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The author Nawa Raj Subba carried out the qualitative research in southeastern districts of Nepal with the approval of Tribhuvan University, Institute of Humanities and Social Science, Research Committee, Kathmandu Nepal in 2013. The aim of the study was to explore traditional maternal and child health care and to uncover harmful practices. Methods employed in - depth interviews and FGDs with traditional birth attendants, traditional healers, female community health volunteers, health workers and mothers. The study included 60 samples from Morang, Jhapa, and Sunsari districts. Tools were semi - structured questionnaire and checklists.
Figure 1. Development of traditional practices.
The study described the native knowledge or an indigenous psychology on health care practices is interdependent with the socio - economic condition and available health services in the community. Rajbanshi mothers perceived things with their existing knowledge that is externalization of practices. The community institutionalized the traditional practices through the objectivation. Study said that during the course of internalization of maternal and child health care practices there were various external factors interacted with the particular ideas, feeling, and experience to continue or transform their traditional practices.
Rajbanshi communities have native culture of mother and child health care. Guru Gosai, Gosai, Ojha, and Dhami are traditional healers in the community. Guru Gosai plays a vital role to conduct birth, marriage and death rituals. They believe that traditional causes of diseases are deities, witchcrafts, evil spirits, a touch of pithiya/chhatka, and poor sanitation. Traditional healers find the cause through a jokhana. They treat patients by chanting a mantra, jharphuk, jadibuti, buti, and ferani. TBAs and health workers conduct home delivery however trend of hospital delivery increased. The study figured out a mark of a stigma where women pithiya or chhatka are suspected as cause of disease and illness in others. Community people perceive them unholy and unfriendly. Thus, pithiya and chhatka women face unfair treatment. They are vulnerable to maternal and child health. On the other, the traditional practice of cutting the umbilical cord by a barber during a delivery and shaving off newborn's head after a delivery by the barber are harmful practices.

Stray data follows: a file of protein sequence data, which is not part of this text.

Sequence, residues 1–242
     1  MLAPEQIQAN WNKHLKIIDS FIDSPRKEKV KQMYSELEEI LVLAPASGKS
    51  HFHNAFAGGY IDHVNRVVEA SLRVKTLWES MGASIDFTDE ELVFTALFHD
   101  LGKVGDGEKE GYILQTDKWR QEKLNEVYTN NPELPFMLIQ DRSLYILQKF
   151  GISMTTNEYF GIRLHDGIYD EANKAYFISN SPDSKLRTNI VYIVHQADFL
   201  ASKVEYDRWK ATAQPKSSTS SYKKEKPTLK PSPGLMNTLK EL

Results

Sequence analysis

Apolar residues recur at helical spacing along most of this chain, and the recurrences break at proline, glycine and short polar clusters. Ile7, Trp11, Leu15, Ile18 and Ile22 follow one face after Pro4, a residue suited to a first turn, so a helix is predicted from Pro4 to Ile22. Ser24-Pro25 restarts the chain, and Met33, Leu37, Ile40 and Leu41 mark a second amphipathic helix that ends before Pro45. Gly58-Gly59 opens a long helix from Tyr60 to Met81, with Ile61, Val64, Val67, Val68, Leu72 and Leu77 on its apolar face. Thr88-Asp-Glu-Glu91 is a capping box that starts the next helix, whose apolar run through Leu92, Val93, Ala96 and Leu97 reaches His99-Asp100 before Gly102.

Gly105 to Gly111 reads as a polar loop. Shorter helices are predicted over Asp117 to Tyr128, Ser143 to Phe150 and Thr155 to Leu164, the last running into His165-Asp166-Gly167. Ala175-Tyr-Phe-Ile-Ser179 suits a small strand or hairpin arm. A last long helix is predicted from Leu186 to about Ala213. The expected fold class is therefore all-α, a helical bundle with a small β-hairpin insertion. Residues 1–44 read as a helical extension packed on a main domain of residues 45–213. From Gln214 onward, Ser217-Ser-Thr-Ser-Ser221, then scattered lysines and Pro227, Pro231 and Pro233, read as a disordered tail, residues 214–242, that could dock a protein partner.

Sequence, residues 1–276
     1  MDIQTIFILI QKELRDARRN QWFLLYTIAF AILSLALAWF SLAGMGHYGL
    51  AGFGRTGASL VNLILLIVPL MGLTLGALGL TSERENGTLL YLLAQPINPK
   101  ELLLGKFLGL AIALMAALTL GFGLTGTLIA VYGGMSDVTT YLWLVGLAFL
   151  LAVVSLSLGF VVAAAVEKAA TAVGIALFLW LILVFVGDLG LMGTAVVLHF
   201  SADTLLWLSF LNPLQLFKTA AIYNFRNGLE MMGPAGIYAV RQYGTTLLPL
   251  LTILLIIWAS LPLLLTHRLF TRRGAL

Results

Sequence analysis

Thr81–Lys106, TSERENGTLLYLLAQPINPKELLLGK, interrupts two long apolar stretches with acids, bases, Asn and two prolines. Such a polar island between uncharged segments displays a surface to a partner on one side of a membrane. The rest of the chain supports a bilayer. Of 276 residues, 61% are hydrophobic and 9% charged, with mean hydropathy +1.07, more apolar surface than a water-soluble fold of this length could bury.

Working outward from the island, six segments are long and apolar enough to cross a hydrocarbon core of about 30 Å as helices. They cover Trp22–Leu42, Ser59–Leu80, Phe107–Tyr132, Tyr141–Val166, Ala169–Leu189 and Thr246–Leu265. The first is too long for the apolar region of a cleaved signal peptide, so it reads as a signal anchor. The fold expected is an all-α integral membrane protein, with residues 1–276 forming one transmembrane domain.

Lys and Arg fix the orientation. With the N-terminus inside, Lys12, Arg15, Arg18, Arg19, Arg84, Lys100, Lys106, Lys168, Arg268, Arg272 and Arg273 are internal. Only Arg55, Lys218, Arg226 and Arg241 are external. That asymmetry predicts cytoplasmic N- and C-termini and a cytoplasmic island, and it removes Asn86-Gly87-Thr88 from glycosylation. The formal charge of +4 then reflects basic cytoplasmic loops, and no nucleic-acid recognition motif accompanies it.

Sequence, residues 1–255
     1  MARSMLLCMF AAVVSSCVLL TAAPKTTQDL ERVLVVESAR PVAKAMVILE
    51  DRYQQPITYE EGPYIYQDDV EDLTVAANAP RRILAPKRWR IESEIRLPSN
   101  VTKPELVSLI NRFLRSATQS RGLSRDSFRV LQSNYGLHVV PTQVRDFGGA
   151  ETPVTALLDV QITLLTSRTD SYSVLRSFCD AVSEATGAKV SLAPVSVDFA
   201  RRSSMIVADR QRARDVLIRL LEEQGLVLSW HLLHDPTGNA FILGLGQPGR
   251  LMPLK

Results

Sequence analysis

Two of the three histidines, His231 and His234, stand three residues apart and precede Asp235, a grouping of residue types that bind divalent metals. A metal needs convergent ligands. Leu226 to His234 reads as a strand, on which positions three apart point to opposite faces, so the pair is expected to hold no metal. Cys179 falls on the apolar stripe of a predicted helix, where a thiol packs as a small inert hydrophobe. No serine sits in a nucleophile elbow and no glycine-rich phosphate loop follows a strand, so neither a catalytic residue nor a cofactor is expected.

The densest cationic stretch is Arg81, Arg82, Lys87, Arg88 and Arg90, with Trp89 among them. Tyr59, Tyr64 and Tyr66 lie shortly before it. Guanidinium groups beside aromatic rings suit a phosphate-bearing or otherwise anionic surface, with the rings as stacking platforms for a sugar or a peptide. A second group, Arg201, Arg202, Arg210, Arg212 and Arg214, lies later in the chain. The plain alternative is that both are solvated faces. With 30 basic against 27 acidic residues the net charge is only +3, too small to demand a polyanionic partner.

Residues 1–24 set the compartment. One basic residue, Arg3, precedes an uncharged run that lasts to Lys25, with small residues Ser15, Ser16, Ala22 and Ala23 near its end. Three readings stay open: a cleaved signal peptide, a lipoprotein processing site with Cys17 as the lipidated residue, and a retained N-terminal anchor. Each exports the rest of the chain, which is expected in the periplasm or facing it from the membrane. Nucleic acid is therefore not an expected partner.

A paper about the study appeared recently in American Journal of Health Research, 2015; 3(5): 310-317. (http://article.sciencepublishinggroup.com/html/10.11648.j.ajhr.20150305.18.html ) ISSN: 2330-8788 (Print); ISSN: 2330-8796 (Online)